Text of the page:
Post-program, I am looking to launch my career as a Data Scientist, while learning and discovering new things everyday in the pursuit of happiness and improvement.”
"I’m an experienced researcher, analyst, and graphic designer. Drawing from
my background in Neuroscience and Psychology, I’m now combining scientific rigor with my passion for data visualization to tell compelling stories with data.
As a queer first-generation immigrant, I’m deeply passionate about addressing diversity, equity, and inclusion. DS4A / Empowerment not only helped me further refine my skills, but also broadened my horizons to possible avenues of change/impact.
I’m currently innovating with Evidation Health as a Product Analyst, and would love to further my career in health tech!"
With the effects of global warming intensifying, addressing environmental inequalities becomes increasingly imperative. Although extensive research has been done studying redlining’s legacy on economic and racial segregation, less work has been done to analyze it’s impact on modern-day urban tree canopy coverage.
Urban trees provide a myriad of environmental and health benefits; trees can help mitigate the urban heat island effect, and improve overall air quality. As such, we assert that historically disadvantaged areas, with lower tree canopy cover, may be subject to increased risk for heat stress and worse respiratory/cardiovascular
We hope that our research project would not only quantify the impact of this inequity, but also provide actionable recommendations to begin to address the problem.
Confirmation of a statistically discernible relationship between historical redlining policies and tree canopy coverage, and its subsequent relationship with community health outcomes. Amidst the excitement around complicated black-box algorithms, DS4A / Empowerment really bolstered the notion of “selecting the right tool for the job.” Our analyses were rooted in the coursework on linear regressions, and Dr. Pillai’s teachings helped us provide a modest, accurate interpretation of results.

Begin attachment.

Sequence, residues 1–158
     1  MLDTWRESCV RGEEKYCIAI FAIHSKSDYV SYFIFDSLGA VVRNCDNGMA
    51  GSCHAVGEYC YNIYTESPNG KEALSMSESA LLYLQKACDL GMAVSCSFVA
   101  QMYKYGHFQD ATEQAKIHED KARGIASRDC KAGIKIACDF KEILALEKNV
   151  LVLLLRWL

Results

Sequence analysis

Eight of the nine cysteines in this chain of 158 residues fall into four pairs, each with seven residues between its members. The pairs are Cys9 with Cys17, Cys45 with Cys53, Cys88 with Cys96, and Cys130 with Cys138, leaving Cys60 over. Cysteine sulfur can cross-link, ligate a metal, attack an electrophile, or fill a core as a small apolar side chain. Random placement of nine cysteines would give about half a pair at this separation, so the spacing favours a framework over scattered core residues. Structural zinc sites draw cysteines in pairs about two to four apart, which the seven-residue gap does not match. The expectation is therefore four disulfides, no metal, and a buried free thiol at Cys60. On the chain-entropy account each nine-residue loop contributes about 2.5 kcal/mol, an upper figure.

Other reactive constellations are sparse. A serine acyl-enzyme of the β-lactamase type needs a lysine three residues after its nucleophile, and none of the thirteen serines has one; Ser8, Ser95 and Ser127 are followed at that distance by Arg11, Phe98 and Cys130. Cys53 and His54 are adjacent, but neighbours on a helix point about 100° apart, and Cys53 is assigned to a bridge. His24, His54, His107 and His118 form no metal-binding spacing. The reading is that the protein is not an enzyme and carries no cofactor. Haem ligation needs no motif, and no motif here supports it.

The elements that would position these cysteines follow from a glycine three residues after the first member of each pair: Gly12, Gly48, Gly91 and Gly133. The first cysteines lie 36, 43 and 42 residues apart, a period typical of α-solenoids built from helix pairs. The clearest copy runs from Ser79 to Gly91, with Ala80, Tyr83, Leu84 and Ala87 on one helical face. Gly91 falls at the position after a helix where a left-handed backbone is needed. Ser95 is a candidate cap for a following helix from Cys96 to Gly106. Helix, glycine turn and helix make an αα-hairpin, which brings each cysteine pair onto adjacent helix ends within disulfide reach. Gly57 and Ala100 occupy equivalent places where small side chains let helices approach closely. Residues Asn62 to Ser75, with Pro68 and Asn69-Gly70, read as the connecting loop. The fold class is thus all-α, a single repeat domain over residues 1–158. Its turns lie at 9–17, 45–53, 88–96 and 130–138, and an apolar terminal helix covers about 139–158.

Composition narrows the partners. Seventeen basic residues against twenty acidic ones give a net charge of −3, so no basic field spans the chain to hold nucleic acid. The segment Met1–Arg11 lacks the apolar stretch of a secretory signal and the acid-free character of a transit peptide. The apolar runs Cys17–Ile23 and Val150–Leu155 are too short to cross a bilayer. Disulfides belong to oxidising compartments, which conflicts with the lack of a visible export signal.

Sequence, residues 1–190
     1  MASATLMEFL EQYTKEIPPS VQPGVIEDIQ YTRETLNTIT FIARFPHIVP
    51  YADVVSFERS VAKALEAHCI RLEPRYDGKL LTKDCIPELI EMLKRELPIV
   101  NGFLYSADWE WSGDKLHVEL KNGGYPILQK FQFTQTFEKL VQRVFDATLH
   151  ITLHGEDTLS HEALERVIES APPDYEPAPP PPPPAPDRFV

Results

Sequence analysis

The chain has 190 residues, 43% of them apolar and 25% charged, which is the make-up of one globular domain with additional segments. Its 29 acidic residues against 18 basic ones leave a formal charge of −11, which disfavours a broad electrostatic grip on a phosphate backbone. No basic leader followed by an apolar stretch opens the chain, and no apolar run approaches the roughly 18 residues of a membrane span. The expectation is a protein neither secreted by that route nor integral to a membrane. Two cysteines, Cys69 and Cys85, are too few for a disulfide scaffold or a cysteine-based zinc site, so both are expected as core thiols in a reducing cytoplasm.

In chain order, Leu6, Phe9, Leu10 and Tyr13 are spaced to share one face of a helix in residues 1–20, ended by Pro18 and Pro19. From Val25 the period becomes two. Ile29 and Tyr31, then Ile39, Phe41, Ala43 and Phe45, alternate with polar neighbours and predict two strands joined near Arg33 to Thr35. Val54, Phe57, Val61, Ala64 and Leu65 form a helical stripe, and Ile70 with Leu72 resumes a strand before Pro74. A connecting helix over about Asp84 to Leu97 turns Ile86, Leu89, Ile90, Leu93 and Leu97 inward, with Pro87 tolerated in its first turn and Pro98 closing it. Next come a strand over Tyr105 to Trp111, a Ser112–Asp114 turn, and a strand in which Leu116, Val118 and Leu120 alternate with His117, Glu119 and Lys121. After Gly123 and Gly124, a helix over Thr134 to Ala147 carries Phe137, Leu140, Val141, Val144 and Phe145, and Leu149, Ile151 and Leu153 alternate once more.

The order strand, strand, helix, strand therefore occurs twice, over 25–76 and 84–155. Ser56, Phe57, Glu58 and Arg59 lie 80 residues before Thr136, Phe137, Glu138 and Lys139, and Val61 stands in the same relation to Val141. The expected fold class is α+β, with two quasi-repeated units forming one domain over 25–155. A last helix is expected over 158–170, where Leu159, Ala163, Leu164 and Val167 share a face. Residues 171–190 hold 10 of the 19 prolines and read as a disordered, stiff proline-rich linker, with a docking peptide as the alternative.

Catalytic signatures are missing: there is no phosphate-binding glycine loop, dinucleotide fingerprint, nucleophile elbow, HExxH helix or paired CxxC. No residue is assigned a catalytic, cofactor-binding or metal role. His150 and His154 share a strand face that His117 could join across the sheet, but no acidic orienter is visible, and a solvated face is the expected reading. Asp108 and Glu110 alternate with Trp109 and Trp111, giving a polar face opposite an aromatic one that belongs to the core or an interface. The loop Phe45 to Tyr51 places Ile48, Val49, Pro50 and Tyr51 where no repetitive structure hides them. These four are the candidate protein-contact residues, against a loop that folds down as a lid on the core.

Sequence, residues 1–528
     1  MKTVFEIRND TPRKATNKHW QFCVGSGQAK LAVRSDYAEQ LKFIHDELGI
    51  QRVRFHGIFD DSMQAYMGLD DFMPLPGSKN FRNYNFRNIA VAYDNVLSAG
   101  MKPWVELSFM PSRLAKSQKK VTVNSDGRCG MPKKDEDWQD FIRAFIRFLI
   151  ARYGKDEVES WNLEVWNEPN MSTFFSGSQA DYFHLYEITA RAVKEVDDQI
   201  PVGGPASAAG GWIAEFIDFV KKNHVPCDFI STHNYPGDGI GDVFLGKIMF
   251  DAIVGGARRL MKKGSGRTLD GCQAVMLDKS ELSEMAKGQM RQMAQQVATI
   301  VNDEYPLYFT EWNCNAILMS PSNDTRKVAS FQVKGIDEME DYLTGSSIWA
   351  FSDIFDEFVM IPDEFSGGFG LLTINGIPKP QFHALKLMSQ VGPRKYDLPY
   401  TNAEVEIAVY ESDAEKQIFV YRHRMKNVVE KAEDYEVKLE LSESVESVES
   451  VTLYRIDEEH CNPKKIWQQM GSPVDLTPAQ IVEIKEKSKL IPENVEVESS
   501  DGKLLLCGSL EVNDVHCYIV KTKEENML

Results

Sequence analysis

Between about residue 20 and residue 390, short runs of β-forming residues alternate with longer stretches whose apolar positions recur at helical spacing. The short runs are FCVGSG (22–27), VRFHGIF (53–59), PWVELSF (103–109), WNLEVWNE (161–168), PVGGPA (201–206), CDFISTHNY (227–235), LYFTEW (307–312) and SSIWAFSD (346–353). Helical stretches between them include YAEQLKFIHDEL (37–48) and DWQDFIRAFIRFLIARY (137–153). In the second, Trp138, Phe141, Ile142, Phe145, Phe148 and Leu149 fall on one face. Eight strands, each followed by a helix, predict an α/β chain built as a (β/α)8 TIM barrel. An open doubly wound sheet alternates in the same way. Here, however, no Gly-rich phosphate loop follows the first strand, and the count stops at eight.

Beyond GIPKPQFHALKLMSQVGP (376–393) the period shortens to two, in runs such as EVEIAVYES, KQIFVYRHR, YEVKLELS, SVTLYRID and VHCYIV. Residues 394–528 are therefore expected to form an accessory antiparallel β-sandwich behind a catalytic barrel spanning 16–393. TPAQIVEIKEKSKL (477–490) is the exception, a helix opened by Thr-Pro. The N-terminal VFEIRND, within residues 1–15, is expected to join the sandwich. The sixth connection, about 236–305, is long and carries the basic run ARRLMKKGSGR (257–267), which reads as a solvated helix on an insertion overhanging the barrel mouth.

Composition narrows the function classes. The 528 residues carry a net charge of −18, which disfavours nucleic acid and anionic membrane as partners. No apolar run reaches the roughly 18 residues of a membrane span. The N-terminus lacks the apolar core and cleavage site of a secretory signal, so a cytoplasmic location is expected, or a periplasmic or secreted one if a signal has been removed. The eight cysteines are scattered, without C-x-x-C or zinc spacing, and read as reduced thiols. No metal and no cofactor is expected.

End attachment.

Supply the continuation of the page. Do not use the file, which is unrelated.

A major challenge was harmonizing 5 disparate datasets from public repositories. Many datasets often lacked adequate documentation (let alone methodology) and required additional fact-finding. It also became imperative to be rigorous in our exploratory data analysis (EDA) to assess data quality. Utilizing GeoPandas, we were able to collate the 5 different datasets into the same coordinate system to produce 1 final, unified dataset used for analysis.
Our mentor is Alex Aronov, Senior Director and Head of Data Science at Vertex. With 20+ years of experience in research and analytics, provided astute insight and helped elevate our project to another level. Apart from deconstructing our implicit assumptions at the outset of the project, he also challenged us to develop a more comprehensive model and set of analyses. His guidance was truly invaluable, and ultimately contributed to the well-rounded project presented today.
This project and its findings are a real example of structural inequalities and how they manifest today. Redlining - an explicitly, overtly racist and nativist policy from the 1930’s - can be linked in our data set to an increase in asthma events and cardiac events in Los Angeles in the past decade. Our findings do not establish causality, but they do provide a foundation for what structural inequality means in real terms.